Meaghan D. Cochrane
EDCI 813: Philosophy of American Education
Kansas State University
All too often, misguided and misused blanket statements negatively impact an entire demographic, population, culture, or subculture. In describing diversity, our words are often shielded by a blanket of overused, and often inaccurate terminologies.
Within the classroom setting, diverse student populations are frequently targeted as slow learners, culturally deprived or disadvantaged, at risk, challenging students, or as individuals who are simply incapable of performing as well as their peers.
By placing limitations on the perceived potential of diverse student populations, educators and administrators, alike, are at fault for their lack of intercultural competence.
Because misguided and misinformed blanket statements often negatively impact students of diverse populations, I created a “blanket of diversity” in hopes of encouraging educators and administrators to look beyond blanket statements in order to recognize that all students– regardless of race, ethnicity, culture or socioeconomic status– have the potential to excel both in and outside of the classroom setting.
As a result, I created a final project that depicts a visual representation of the unique talents, interests and experiences of students of diverse populations, as shared with me by English Language Learners (ELL) kindergarten students from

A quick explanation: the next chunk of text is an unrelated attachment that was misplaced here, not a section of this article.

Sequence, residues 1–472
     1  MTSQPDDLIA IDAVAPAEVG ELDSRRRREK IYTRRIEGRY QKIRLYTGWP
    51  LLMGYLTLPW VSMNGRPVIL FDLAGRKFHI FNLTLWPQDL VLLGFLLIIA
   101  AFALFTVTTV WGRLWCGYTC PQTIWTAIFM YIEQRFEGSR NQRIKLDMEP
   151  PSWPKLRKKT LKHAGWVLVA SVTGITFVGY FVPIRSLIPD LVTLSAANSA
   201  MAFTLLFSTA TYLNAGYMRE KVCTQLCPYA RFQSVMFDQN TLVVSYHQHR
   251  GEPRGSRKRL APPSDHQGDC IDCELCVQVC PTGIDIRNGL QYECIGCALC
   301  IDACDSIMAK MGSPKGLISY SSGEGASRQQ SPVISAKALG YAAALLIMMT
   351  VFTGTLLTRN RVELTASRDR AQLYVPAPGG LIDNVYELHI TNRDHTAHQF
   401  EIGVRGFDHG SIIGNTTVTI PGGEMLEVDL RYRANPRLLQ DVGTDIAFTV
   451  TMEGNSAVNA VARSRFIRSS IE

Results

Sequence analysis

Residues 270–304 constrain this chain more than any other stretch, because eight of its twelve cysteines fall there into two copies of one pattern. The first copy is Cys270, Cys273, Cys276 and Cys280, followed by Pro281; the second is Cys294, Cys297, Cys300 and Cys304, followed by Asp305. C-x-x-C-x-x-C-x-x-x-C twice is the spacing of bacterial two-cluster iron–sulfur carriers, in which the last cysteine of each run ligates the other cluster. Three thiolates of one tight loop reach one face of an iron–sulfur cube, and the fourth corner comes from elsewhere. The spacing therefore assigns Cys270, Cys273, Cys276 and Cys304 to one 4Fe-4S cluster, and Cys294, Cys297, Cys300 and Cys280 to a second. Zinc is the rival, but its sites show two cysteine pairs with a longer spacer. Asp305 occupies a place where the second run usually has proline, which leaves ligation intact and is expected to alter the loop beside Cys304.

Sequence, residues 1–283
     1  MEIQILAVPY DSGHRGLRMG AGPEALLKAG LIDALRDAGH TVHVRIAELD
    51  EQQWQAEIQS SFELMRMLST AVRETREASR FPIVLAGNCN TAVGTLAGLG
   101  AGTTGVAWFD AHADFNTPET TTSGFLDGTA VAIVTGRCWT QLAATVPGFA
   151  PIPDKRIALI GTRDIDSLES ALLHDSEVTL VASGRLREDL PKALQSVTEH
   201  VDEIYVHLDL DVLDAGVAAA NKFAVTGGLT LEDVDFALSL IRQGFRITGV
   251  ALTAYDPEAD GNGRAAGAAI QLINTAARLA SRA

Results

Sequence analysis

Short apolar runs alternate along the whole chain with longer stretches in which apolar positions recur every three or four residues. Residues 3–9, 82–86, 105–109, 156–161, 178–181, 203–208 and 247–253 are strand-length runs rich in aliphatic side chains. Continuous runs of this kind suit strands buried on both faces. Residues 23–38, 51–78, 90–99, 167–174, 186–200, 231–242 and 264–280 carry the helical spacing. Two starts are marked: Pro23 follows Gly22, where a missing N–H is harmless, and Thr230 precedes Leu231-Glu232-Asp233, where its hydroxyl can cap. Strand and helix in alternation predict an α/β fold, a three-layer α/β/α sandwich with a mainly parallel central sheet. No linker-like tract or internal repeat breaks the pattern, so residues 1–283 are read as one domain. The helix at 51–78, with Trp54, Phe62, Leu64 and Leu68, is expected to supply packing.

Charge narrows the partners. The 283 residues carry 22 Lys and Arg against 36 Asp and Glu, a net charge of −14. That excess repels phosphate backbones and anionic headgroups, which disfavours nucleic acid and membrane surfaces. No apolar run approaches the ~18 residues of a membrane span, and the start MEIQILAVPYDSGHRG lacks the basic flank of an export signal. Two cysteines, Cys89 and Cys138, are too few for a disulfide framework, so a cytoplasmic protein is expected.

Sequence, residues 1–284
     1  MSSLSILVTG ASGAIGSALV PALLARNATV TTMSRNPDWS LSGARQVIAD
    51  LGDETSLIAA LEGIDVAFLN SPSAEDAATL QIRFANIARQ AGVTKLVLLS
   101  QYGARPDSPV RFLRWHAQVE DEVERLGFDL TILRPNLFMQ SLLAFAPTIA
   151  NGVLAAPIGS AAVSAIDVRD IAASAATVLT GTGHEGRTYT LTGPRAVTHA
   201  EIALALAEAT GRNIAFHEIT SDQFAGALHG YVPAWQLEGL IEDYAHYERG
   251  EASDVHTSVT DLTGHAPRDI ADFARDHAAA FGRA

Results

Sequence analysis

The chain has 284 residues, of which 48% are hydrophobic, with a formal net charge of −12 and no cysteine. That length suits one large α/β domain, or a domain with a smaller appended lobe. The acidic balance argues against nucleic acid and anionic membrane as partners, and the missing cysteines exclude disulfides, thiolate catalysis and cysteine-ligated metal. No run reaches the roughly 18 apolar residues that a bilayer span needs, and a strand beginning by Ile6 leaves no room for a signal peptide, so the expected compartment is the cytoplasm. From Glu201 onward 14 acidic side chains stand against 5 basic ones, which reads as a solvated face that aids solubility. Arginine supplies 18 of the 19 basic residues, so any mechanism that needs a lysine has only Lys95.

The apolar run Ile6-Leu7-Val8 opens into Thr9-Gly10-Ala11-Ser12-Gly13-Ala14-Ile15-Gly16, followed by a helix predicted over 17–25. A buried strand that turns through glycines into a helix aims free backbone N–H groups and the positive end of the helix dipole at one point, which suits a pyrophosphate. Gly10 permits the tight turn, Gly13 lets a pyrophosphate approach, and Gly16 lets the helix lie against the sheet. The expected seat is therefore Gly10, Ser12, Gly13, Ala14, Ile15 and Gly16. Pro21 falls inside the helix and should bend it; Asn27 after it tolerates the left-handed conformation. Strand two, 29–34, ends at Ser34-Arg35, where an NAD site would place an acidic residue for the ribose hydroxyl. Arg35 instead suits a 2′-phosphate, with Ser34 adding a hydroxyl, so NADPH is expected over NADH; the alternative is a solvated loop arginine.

USD 475, Morris Hill Elementary School.
The goal of my final project was to depict the unique talents, interests and experiences of ELL students by giving them the prompt, “When I Grow Up, I Want to Be…” and then having them illustrate their occupation of choice.
After the students were finished with their illustrations, they then dictated, in their own words, to the classroom teacher, or in one instance, a translator, their thoughts and feelings about what they wanted to be when they grew up.
After completing my project, I visited the students of USD 475 during an awards assembly, and presented them with Star Student Awards, and the blanket of their illustrations.
Following the awards assembly, I read the class Dr. Seuss’ book, Oh, The Places You’ll Go!, which reads: “You have brains in your head. You have feet in your shoes. You can steer yourself any direction you choose. You're on your own. And you know what you know. And YOU are the one who'll decide where to go.”
I hope that the students of USD 475 will someday look back on this experience and recognize their unique talents and abilities– just as I will for years to come.